From 2005 to 2010, Lee County hospitals have seen a 700 percent increase in the number of babies born with a drug addiction.  Statewide, based upon data from the Agency for Health Care Administration, this problem has increased by about 430 percent in the same time period.

When a baby is born addicted to drugs, the child goes through withdrawal similar to how an adult going through rehabilitation would. Withdrawal in babies can include uncontrollable crying, inability to sleep or eat normally, throwing up, diarrhea, sweating, breathing problems, and in severe cases, seizures. This should not be the way for a human being to enter the world. Watching a newborn go through withdrawal is absolutely heartbreaking.

However, once a woman who is dependent on narcotics becomes pregnant they should not try to stop taking the medication, whether prescribed legally or taken illegally. If the mother tries to go through withdrawal while pregnant, the baby in the womb is at risk for active withdrawal, leading to poor development, early delivery or even death.  Instead, a controlled treatment program is suggested, with methadone presently considered the most effective drug for pregnant mothers who are addicted to pain killers.  To avoid this complication, it is extremely important that women are drug-free or have a pregnancy plan BEFORE they get pregnant.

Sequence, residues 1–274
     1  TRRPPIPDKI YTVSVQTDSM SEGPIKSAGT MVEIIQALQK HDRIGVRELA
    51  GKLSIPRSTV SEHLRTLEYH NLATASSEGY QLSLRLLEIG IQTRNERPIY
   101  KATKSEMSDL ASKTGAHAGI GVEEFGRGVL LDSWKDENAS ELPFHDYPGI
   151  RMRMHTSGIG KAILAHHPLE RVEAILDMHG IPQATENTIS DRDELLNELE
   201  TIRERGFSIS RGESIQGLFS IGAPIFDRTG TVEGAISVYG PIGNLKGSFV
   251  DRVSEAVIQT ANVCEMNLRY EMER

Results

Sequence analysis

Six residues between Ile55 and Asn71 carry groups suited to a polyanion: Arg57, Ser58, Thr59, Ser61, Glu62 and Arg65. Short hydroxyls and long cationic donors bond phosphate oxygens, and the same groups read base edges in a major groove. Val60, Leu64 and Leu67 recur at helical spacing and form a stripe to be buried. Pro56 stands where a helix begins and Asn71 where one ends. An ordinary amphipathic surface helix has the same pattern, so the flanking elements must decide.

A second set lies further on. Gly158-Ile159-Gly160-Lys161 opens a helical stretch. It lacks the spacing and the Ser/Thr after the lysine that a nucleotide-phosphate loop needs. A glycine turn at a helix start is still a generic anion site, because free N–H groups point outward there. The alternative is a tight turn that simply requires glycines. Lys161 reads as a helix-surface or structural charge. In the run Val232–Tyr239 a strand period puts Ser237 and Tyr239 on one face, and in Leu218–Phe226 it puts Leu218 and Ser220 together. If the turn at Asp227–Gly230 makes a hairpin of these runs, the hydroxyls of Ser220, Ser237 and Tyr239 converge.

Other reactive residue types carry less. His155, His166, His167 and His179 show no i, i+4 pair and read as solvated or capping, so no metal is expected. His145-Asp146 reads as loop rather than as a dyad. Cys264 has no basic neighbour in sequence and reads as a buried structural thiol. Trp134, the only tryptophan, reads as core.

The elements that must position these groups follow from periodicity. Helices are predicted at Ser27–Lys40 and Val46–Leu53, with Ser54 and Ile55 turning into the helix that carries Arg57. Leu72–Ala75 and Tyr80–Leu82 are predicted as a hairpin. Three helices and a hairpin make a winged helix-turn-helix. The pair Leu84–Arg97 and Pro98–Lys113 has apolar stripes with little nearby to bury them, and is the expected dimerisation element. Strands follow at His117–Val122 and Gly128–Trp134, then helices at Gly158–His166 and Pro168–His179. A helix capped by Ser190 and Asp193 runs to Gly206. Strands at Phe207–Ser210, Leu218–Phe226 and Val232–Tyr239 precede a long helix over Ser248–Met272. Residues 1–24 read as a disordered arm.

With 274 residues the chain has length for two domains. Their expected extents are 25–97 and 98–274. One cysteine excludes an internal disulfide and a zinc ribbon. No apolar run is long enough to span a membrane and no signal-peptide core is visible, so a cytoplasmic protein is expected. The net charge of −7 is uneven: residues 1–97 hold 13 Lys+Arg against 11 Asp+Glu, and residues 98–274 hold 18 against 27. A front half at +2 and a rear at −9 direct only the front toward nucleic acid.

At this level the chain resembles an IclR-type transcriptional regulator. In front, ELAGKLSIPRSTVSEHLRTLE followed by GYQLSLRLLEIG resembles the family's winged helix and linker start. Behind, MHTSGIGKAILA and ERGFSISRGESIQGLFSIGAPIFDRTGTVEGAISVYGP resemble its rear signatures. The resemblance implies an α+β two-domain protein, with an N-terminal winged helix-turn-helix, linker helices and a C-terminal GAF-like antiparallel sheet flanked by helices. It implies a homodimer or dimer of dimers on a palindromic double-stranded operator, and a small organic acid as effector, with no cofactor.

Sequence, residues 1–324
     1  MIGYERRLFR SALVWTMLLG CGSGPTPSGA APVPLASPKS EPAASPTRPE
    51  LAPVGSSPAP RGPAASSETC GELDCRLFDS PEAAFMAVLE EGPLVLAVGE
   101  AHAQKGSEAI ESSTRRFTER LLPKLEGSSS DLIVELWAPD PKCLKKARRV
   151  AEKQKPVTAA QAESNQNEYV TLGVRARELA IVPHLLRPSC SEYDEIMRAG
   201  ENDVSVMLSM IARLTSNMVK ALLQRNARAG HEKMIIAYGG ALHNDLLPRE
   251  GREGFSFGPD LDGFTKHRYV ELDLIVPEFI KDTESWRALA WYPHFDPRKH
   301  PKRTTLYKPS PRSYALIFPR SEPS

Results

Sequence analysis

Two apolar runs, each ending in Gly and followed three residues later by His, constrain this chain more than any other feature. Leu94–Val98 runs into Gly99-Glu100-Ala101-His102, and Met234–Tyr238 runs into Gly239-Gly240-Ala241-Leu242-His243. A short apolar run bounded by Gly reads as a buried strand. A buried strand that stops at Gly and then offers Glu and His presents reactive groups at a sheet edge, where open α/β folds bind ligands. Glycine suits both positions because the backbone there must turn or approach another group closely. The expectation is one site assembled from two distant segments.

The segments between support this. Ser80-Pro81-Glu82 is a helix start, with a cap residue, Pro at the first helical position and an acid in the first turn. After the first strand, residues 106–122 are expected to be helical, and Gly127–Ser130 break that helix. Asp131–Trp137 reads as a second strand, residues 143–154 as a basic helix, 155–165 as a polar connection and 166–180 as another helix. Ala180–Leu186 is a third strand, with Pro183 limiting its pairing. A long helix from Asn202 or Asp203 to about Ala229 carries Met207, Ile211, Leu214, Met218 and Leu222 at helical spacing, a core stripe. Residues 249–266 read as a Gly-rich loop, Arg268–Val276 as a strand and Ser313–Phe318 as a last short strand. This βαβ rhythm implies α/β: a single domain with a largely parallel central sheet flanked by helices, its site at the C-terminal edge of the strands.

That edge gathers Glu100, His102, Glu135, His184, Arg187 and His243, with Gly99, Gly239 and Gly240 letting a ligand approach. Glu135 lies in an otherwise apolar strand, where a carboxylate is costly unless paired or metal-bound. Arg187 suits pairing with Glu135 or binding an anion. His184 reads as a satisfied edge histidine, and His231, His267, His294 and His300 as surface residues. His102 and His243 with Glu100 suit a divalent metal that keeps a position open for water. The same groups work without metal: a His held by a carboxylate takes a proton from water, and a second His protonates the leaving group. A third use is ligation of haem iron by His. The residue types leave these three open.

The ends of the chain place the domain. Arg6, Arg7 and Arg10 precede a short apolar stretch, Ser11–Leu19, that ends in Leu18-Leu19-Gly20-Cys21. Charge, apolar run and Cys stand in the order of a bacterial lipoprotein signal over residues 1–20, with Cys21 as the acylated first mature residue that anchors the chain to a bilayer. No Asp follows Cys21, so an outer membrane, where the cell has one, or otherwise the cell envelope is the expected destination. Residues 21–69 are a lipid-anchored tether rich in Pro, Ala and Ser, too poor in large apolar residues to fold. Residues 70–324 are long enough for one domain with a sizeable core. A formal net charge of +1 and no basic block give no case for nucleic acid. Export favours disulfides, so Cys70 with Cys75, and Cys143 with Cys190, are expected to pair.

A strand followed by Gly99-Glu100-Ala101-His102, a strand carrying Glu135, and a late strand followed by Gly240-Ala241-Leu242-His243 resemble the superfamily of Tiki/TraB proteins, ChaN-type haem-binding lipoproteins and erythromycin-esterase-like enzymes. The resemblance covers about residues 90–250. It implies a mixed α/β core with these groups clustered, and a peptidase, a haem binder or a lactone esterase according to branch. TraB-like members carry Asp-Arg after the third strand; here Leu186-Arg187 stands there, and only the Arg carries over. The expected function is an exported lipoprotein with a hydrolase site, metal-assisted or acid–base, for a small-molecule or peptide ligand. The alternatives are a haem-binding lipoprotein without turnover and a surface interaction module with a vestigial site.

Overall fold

Prescription drugs are a growing concern and it appears that the increase in babies born addicted to drugs is directly related to an increase in prescription drug abuse.

Today, unlike the cocaine epidemic of the 1970s and 80s, pain killers are legal and legitimately prescribed for pain relief.  While there are mothers with a history of addiction and doctor shopping, there are also mothers who claim surprise, shock and dismay, unaware and uninformed of the potential consequences of their treatments, having acquired their prescriptions legally and under the trusting care of a doctor.

The great majority of physicians are dedicated to the betterment of their patients, doing their best to balance many factors to achieve the best possible outcomes.  However, the art of medicine utilizes a complex decision tree, weighing risk and benefit on many levels.

State and national awareness is indeed increasing, but the problem still exists – and is growing. I urge women of child-bearing age who are currently on prescription pain medication, illegally or legally, to talk to their doctor about a pregnancy plan, just in case. No baby should have to experience the pain of drug addiction or withdrawal, especially during their first days of life. 

Note:

For information about substance abuse and mental health facilities in your area, visit our online searchable directory.